By: Muharem Cero, Armin Aljovic
The latest report by the European Commission presented on Wednesday in Brussels, has not entirely defined the position of BiH and its future status with regard to the European perspective. What remains clear, though, is the fact that BiH, in some sort of conditional candidate status, ought to reaffirm its commitment to the European Union by continued implementation of the reforms it has been tasked with; above all, the reform of rule of law, public administration, as well as improved effectiveness of the state institutions.
EU rapporteur for BiH, Christian Dan Preda urged BiH to accelerate the reform process, by which it could earn recognition of the effort by the Council of Europe and its members that would result with the candidate status in some near future.
Having said that, there is still the requirement by Brussels of forming executive bodies (of the government) at all state levels, which have not been formed 7 months after the elections.
Considering the stalemate relating to forming of the Council of Ministers BiH, as well as the blockade of the Annual National Program (which blocks the process of NATO integration), it can be presumed that uncertain situation in BiH could last... and eventually prevent from fulfilling objectives that the EU imposed on BiH.
Hence the question if, in the current modality of partycratic representations as the ruling mode of the political elites in BiH, years long deadlocks of the implementation of conditional reforms could be resolved at all.
Undoubtedly, such model could not yield desired results. In such circumstances, BiH could not respond to the requirements of the European Union and its citizens could not become equal with other Europeans. More specifically, coalescence of political parties and judiciary structures at all levels in BiH, has devalued and euthanized any possibility of the reform of rule of law as primary goal on the road to reaching European standards of democracy.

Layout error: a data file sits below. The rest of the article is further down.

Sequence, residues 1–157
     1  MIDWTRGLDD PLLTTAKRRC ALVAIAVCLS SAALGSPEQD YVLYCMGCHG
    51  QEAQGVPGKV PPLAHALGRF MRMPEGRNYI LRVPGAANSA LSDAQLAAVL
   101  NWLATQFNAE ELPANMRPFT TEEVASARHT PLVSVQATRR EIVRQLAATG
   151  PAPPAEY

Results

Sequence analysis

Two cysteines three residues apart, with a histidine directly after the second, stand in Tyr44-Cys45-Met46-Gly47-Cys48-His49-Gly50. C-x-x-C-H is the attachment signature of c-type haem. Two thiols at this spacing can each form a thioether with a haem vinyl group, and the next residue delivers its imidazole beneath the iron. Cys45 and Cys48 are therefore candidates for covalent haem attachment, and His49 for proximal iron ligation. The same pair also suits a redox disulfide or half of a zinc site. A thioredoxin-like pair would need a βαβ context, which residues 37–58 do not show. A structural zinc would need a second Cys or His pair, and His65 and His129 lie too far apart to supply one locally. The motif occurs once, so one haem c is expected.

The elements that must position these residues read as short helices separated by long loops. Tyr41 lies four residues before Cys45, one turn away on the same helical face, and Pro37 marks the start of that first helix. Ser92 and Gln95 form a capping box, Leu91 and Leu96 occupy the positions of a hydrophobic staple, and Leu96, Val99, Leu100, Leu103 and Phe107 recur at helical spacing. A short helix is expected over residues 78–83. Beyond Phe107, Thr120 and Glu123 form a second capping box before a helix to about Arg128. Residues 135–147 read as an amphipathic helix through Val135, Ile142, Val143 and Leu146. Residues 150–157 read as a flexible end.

In addition, rigid partycratic personnel management at BH institutions has multiplied the incompetent public administration thus preventing it from carrying out its basic task – adapting BiH and its citizens to democratic standards of the EU.
A possible response to the threatening paralysis of the country would be in giving up on cumbersome model of so-called ethnic representativeness as well as the acceptance of for the time being desirable model of forming an expert government. Similarly, the problem of corrupted judiciary could be solved only if international experts were introduced to the judiciary of BiH.
Considering short deadlines, and the fact that forming of new EU structures could take considerable amount of time, an accelerated forming of such expert government would give hope that the expected reforms in BiH could be implemented to sufficient extent and within reasonable time – a good reason for the EU institutions to award BiH with the candidate status for the EU membership.
It is therefore not pretentious to refer to such expert government – and there are experts both in BiH and outside of it – as a national salvation government.
Non-party experts, free from political will of ethnic oligarchies and committed to the goal of candidate status for BiH, would surely have been the expression of political will of BH citizens irrespective of their ethnic and entity affiliation.
Whether party oligarchies in BiH are prepared to give upon their comfort and benefits for sake of well-being of the citizens, is another question.
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